Bush, Kerry lay out economic views
President touts home ownership; Kerry cites jobs
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Stay will CNN-USA for updates and analysis from the campaign trail as both President Bush and the presumptive Democratic nominee, Sen. John Kerry, press their economic viewpoints.
CNN's Howard Kurtz analyzes the latest Bush and Kerry ads.
CNN's Bruce Morton on gas prices and Bush-Cheney.
WASHINGTON (CNN) -- President Bush and Sen. John Kerry, his Democratic rival for the White House, offered competing visions of the U.S. economy on Friday, with Bush asserting that the country is on the right track and Kerry calling for a "new direction."
Speaking in Albuquerque, New Mexico, Bush noted that a record 68 percent of Americans own their own homes.
He also cited relatively low inflation and a rise in manufacturing.
"Our economy is growing," said Bush, who later traveled to Phoenix, Arizona to deliver a similar speech. "It's strong and getting stronger."
As he often does in speeches, Bush tied what he described as a growing economy to his series of tax cuts -- including a boost in the child tax credit and breaks for small businesses -- and he called on Congress to make them permanent.(Full story)
Minutes after Bush finished his speech, Kerry began his in Detroit, Michigan, where he highlighted less encouraging numbers about the economy.
He pointed to a loss of jobs under the current administration and said the Bush tax policies had benefited the wealthy.
"The truth is this president doesn't have a record to run on, but a record to run from, and that's what he's doing," Kerry said.(Full story)
The focus on the economy caps a week that has been dominated by national security news.
An independent panel investigating the September 11, 2001 attacks held public hearings in Washington, and faulted both the Bush and Clinton administrations for not being aggressive enough in combating terrorism before 9/11.
In his speech Friday, Kerry pledged to create 10 million new jobs in four years. His talk was the first of three that his campaign said will detail his economic plan for the country.
With public opinion polls showing Bush strong on terrorism and international issues and Kerry strong on domestic issues, including the economy, the four-term senator from Massachusetts sees an opportunity to score some political points.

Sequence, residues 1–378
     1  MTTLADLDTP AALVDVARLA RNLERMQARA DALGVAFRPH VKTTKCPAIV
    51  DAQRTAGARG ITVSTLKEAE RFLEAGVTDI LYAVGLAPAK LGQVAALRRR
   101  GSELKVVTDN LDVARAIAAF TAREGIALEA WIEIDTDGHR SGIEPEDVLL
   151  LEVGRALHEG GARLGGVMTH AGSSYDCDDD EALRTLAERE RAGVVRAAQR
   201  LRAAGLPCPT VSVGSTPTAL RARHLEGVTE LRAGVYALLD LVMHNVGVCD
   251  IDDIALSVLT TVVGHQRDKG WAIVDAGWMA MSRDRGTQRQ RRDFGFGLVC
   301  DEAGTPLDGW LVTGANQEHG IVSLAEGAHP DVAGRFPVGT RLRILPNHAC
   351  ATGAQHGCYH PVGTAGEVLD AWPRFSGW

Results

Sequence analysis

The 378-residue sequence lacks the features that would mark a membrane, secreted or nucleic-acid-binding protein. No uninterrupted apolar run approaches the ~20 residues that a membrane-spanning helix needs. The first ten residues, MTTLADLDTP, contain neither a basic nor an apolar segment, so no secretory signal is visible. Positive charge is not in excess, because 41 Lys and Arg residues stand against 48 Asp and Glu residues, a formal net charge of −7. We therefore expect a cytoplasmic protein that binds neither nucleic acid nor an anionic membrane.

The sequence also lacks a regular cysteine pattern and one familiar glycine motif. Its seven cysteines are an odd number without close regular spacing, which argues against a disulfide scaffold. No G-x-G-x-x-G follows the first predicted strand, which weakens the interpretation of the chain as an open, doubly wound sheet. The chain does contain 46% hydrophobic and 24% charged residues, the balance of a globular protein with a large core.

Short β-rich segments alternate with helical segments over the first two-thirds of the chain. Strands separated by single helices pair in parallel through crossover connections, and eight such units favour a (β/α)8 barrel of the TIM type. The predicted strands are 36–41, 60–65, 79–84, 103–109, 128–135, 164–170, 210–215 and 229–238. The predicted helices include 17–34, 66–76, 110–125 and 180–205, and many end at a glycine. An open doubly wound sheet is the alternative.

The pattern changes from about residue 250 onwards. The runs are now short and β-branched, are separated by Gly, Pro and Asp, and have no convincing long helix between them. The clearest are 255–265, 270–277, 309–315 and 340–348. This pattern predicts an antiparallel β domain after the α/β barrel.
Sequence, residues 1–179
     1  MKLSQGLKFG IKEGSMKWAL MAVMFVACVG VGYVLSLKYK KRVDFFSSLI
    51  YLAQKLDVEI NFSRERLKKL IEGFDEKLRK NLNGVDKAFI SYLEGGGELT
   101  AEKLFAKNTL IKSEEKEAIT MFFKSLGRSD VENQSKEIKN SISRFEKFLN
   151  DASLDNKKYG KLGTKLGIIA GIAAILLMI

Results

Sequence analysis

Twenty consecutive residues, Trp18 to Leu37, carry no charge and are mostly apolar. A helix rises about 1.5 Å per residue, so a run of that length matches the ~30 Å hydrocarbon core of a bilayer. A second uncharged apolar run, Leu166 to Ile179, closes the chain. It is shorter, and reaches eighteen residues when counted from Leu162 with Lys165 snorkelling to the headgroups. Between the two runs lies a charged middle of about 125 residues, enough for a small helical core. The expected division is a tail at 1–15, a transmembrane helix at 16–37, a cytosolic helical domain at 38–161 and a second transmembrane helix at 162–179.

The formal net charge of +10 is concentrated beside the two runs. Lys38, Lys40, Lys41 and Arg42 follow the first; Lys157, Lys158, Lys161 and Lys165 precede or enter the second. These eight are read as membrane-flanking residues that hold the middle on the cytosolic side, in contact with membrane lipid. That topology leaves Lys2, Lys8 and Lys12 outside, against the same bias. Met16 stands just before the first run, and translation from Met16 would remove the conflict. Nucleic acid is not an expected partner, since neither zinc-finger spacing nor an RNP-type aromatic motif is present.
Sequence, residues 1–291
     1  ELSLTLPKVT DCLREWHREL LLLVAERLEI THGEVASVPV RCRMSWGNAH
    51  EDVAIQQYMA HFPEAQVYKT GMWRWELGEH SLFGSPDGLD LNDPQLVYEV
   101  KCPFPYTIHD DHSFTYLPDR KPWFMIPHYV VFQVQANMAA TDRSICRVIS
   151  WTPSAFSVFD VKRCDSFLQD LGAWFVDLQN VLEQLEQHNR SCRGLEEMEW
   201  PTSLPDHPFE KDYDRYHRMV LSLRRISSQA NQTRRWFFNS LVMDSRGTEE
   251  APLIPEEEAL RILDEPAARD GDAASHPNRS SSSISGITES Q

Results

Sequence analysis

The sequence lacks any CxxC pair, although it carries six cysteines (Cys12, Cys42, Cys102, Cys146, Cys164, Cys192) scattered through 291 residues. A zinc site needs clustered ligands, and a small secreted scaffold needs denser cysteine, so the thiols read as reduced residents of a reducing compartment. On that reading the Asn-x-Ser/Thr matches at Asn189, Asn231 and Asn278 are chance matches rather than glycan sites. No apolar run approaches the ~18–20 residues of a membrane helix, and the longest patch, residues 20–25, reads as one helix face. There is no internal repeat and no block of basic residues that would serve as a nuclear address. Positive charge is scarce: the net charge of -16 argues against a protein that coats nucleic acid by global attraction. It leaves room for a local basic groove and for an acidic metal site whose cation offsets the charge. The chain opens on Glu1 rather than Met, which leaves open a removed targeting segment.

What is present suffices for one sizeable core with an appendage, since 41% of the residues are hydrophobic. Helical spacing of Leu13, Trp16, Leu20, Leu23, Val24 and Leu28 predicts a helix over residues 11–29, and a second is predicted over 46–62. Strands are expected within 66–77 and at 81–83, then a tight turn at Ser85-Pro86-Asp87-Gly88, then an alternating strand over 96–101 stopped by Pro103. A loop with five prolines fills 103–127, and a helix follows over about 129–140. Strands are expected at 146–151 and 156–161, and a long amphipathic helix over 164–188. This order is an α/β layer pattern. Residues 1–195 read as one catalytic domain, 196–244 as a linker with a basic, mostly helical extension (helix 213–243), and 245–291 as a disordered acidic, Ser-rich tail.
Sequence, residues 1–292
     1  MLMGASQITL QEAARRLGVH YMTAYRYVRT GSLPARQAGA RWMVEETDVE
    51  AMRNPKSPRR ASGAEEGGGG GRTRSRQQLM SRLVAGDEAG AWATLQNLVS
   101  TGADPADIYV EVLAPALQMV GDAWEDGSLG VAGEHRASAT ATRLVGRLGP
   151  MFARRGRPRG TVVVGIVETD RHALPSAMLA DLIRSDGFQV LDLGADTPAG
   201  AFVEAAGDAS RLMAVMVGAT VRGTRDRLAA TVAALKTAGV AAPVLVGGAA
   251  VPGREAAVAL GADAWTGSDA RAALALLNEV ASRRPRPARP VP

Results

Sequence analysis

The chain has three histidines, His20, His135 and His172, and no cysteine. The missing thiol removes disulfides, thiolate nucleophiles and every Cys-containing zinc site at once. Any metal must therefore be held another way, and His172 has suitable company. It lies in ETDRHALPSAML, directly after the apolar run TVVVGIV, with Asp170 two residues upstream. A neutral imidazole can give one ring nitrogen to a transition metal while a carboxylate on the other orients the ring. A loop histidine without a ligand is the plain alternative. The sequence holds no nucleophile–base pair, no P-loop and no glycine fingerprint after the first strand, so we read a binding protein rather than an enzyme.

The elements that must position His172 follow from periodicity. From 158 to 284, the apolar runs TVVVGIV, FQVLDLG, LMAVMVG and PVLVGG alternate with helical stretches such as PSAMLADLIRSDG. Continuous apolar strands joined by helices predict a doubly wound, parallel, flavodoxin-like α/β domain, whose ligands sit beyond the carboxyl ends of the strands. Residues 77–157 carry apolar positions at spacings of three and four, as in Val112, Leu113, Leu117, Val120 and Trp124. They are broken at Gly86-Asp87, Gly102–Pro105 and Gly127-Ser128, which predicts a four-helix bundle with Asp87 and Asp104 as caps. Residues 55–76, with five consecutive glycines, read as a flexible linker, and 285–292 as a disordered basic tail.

The Bush administration has presided over the loss of more than 2 million jobs in an economy adversely affected by the dot-com bust, a recession and post-9/11 terrorism fears.
Bush cited those factors in his speech Friday, making a point of noting that the economic slowdown began before he took office.
Bush highlighted an increase in American productivity, home ownership and an unemployment rate of 5.6 percent -- below the average unemployment rate for the last three decades.
Bush never mentioned Kerry by name, but he seemed to have Democratic critics on his mind when he spoke about international trade.
Many Democrats, including Kerry, have said on the campaign trail that some international accords have not been enforced properly and have led to a loss of U.S. jobs.
Bush decried what he called "economic isolationism," saying it would "lead to economic stagnation."
Kerry's campaign said his proposal includes tax reform and credits to encourage job creation in the United States, an education and job training program, as well as a plan to "restore fiscal discipline and confidence in the American economy." (Full story)
Friday's speech at Wayne State University in Detroit focused on the tax reform portion of the plan.
John Kerry talks about the economy on Friday in Detroit, Michigan.
"You know, economic plans aren't just about dollars and decimals. They're about choices," Kerry said. "Time after time, this administration has put ideology first and jobs last.
Kerry' also called for sweeping changes in international tax law to give incentives to companies that create jobs in the United States.
Outsourcing -- the relocation of jobs offshore -- has become a key issue in the lead-up to the U.S. presidential election later this year, with Kerry promising to "crack down on the export of American jobs."